by Jorge Gomez, Senior Writer • 6 min read
Though we’re only two weeks into 2020, it fills us with hope and encouragement that this New Year is already bringing unprecedented reclamation for religious liberty.
Today, we’re especially excited to share with you the first victory of the year, one that’s going to help safeguard the right to live out your faith in one of the most important and sacred spaces: your very own home.
First Liberty Institute recently settled a federal civil rights lawsuit against a senior living community in Virginia that had banned a retired couple from hosting a Bible study and even threatened them with eviction.
An agreement reached with the property management company lifts the restriction on religious activities in the apartment complex’s common areas and withdraws the notice that threatened to evict FLI clients Kenneth and Liv Hauge.
This is a big victory for Ken and Liv, who were originally banned from hosting their Bible study in mid-2018. Moving forward, the couple, who are both in their 80’s, will be able to resume weekly Bible studies with their friends and neighbors.
Today, as we celebrate the vindication of their rights, it’s also worth noting that this is a very significant victory not just for one couple in Virginia, but for Americans of all faiths.
After all, if people cannot gather together to study the Bible where they live, is there really any safe space left for Americans to live out their faith?
That’s why the triumph for Ken and Liv is so critical, because it helps ensure that we are saying “YES!” to senior Bible studies all over the country, as well as protecting the freedom of people of all faiths to worship in their own homes.
While Ken and Liv can rejoice in putting this ordeal behind them, there are many Americans who are being targeted by the ALL-OUT war on faith. Across the country, religious groups and people of faith repeatedly face opposition from anti-faith groups or activists that want to stop them from using their own land or their own homes to exercise their religious beliefs.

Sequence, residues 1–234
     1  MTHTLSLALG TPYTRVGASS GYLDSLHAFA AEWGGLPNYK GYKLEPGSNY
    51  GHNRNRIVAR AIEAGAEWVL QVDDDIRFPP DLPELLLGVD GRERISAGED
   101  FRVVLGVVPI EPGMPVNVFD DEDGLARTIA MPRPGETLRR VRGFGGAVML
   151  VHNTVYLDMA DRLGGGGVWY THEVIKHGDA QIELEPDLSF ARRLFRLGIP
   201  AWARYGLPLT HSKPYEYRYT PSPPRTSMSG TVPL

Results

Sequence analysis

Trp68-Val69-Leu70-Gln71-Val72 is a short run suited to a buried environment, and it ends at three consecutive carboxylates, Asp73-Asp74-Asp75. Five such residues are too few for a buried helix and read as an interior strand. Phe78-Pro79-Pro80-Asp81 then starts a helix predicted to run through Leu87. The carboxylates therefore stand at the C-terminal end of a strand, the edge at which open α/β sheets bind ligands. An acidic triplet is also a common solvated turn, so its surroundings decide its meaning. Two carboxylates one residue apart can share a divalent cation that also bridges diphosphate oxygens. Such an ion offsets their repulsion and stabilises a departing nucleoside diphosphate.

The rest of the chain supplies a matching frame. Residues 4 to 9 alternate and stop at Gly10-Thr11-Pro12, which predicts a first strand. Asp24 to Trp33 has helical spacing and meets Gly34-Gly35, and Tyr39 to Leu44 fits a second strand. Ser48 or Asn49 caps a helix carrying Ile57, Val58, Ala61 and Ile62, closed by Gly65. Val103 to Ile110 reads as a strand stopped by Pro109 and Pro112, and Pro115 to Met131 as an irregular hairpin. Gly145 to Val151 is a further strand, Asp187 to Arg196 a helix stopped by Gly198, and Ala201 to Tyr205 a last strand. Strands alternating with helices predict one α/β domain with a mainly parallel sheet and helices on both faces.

Right now, in fact, First Liberty is litigating a similar case for Donna Dunbar in Florida, another senior citizen who was restricted from hosting Bible studies in her condominium building.
And First Liberty continues to be First in the Fight® to stop religious discrimination against minority faith communities who’ve been prevented from living out their faith at home.
Our legal team is fighting one of the worst cases of religious discrimination we’ve ever encountered. In Airmont, NY, located just outside New York City, village officials have practically forced the local Orthodox Jewish community to practice their faith in hiding.
For more than 30 years, local officials have made it all but impossible for anyone who is an Orthodox Jewish believer to live out their faith, demanding that they receive approval from the city to worship in their very own homes. This means that the city has authority to come into their house to measure how much space in their own home they can or cannot use for religious purposes. They’ve even threatened a Rabbi with jail for hosting worship in his home.
The good news, however, is that First Liberty—by God’s grace—is the greatest hope for victory whenever people of faith or religious minority groups face threats to their religious freedom.
Not long ago, we won big for Congregation Toras Chaim, a small Orthodox Jewish congregation in Dallas, TX. After a legal battle that lasted nearly six years, and one that involved two lawsuits, First Liberty reached a settlement agreement that allowed members of this Jewish community to meet and worship in a private, North Dallas home, as well as to continue serving the needs of its surrounding community.
The victory on behalf of citizens such as Ken and Liv, as well a longstanding string of multiple key achievements like the one for Congregation Toras Chaim, are proof that this is the start of a nationwide reclamation of our most fundamental, God-given rights.
Thanks to these triumphs, we are reaffirming that we do not need permission from state officials or apartment management staff to live out our faith in our own homes. We already have all the approval we need to freely worship at home, and it’s found in the First Amendment of the U.S. Constitution.
Surely, of all places, your own living room should be a safe space to practice your faith—to pray, to read Scripture and to fellowship.
Would you consider giving to First Liberty Institute to help us fight back against the opponents of religious freedom who are attacking your constitutional rights?